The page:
The 82nd Annual Meeting of the American Association of Physical Anthropologists (2013)


The interplay between behavior and disease: investigating pathogen transmission dynamics in wild chimpanzees with social network models

JULIE RUSHMORE1, DAMIEN CAILLAUD2,3, RICHARD J. HALL1, REBECCA M. STUMPF4, LAUREN A. MEYERS3 and SONIA ALTIZER1.

1Odum School of Ecology, University of Georgia, 2The Dian Fossey Gorilla Fund International, 3Section of Integrative Biology, University of Texas at Austin, 4Department of Anthropology, University of Illinois at Urbana-Champaign

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Great apes demonstrate tremendous variation in social contacts, which epidemiological studies show can be crucially important for predicting pathogen spread. Wild apes are also vulnerable to several directly-transmitted respiratory pathogens that have caused major population declines. Network-based epidemiological models provide an effective approach for mathematically formalizing heterogeneous transmission pathways and can be a powerful tool for predicting outcomes of future pathogen introductions and disease control efforts. Using such models, we investigated how behavioral association patterns may affect pathogen transmission dynamics within the wild Kanyawara chimpanzee community (N=37) in Kibale Forest, Uganda. Specifically, we used association data from field observations to construct nine monthly contact networks on which we stochastically simulated epidemics to explore how outbreak sizes depend on i) pathogen infectiousness, ii) network position of the index case, and iii) the month of the outbreak. We then used generalized linear models to identify individual characteristics that influence outbreak size. We found that outbreak sizes were largest in the presence of estrous females due to an increase in mean network connectedness. Outbreak sizes were also greatest when the index case was a high-ranking male or a chimpanzee with a large family unit, as these individuals tended to be the most highly connected. Follow-up simulations of vaccination strategies revealed that for a fixed level of coverage, epidemic risk could be greatly reduced by targeting these individuals relative to random vaccination. Overall, our work demonstrates how combining behavioral data with network models can offer practical applications for pathogen control of endangered wildlife species.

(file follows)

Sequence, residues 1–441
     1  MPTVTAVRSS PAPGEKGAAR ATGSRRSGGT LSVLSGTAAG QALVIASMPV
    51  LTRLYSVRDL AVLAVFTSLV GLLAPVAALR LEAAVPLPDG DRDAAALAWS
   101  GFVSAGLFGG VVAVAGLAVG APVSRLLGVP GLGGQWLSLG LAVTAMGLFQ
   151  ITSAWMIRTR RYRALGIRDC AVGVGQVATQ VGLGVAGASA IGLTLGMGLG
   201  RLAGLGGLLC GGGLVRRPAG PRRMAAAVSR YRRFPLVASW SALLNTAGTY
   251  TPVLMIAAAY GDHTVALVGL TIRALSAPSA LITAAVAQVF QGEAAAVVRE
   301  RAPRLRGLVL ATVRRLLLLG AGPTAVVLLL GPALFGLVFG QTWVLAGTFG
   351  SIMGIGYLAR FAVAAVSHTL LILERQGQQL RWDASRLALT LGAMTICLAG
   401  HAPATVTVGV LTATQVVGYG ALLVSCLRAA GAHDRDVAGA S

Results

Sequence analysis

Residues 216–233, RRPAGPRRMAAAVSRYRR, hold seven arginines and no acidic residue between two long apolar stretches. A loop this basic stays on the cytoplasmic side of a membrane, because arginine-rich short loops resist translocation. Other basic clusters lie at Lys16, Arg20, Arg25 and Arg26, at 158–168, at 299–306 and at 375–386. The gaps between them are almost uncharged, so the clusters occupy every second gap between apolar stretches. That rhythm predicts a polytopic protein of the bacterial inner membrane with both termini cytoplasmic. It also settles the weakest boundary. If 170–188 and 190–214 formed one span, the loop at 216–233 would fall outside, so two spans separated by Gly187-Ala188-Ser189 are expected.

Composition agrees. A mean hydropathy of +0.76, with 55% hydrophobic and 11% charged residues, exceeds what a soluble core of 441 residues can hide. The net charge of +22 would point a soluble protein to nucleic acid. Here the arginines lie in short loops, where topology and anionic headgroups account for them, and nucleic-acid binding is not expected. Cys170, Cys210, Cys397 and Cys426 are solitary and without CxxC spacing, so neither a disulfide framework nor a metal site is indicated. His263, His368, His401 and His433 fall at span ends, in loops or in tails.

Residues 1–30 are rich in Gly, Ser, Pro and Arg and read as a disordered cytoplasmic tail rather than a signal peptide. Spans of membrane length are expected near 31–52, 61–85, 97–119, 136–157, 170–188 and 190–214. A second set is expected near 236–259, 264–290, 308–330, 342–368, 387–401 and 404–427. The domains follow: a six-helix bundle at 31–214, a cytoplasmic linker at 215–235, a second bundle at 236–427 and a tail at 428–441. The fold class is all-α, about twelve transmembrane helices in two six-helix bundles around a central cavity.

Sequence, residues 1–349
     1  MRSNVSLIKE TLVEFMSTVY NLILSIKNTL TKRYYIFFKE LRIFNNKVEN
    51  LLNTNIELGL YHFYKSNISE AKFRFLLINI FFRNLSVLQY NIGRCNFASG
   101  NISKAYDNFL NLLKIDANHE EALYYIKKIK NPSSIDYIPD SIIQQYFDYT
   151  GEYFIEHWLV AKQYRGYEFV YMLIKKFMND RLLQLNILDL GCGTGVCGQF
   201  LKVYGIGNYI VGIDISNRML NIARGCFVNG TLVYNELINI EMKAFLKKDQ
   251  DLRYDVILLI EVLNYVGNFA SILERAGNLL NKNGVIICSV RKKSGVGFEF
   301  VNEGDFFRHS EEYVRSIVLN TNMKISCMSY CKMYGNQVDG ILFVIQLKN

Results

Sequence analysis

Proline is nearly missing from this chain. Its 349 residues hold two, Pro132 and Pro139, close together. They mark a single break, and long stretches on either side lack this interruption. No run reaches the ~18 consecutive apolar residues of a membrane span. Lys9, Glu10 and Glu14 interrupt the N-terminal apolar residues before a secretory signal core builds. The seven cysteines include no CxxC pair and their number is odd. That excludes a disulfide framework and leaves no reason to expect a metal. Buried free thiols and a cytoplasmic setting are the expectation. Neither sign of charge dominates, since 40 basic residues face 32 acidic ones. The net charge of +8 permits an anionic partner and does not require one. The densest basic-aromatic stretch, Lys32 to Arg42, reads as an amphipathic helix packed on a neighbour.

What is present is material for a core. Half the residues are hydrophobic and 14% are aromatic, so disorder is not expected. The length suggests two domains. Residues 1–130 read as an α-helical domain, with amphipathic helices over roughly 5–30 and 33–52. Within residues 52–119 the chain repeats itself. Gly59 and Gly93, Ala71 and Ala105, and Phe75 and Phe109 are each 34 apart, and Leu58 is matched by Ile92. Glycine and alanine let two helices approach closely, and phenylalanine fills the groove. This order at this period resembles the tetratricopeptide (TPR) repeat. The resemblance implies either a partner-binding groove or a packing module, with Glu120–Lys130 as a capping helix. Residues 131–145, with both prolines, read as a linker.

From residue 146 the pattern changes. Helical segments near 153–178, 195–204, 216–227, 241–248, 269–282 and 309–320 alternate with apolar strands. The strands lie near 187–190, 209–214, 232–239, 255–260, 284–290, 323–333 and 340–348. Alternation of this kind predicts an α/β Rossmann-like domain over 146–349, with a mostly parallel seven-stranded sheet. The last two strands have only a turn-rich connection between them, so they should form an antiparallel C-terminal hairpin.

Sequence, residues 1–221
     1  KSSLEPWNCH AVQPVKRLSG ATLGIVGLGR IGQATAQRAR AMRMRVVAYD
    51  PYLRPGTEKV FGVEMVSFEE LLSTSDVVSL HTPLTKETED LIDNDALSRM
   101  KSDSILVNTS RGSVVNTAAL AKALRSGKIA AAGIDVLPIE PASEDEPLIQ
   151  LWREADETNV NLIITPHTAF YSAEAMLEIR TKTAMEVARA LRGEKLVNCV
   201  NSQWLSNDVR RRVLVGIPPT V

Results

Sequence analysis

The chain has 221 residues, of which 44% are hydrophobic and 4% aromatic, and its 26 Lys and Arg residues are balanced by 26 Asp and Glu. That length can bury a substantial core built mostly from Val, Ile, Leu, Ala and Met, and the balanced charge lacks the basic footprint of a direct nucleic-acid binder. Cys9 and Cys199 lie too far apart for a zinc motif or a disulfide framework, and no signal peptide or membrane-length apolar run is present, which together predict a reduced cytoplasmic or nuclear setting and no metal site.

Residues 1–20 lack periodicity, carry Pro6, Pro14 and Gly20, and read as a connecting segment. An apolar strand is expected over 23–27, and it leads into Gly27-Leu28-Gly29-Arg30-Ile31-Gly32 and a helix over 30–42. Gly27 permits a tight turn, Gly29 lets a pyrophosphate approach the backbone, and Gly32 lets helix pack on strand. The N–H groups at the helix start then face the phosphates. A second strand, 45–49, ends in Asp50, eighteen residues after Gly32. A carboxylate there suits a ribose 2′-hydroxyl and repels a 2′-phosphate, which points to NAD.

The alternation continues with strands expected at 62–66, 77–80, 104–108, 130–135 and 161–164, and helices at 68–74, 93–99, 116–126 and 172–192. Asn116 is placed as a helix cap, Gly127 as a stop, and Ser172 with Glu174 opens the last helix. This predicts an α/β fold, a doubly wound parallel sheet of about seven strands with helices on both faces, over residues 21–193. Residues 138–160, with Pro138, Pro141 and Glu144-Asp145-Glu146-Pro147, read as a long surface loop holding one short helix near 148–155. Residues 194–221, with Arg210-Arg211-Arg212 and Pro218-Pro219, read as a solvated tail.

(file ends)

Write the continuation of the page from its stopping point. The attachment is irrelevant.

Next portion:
This study was funded by the US Fish and Wildlife Service, the ARCS Foundation, Morris Animal Foundation, the Margot Marsh Biodiversity Founation, and Fulbright.

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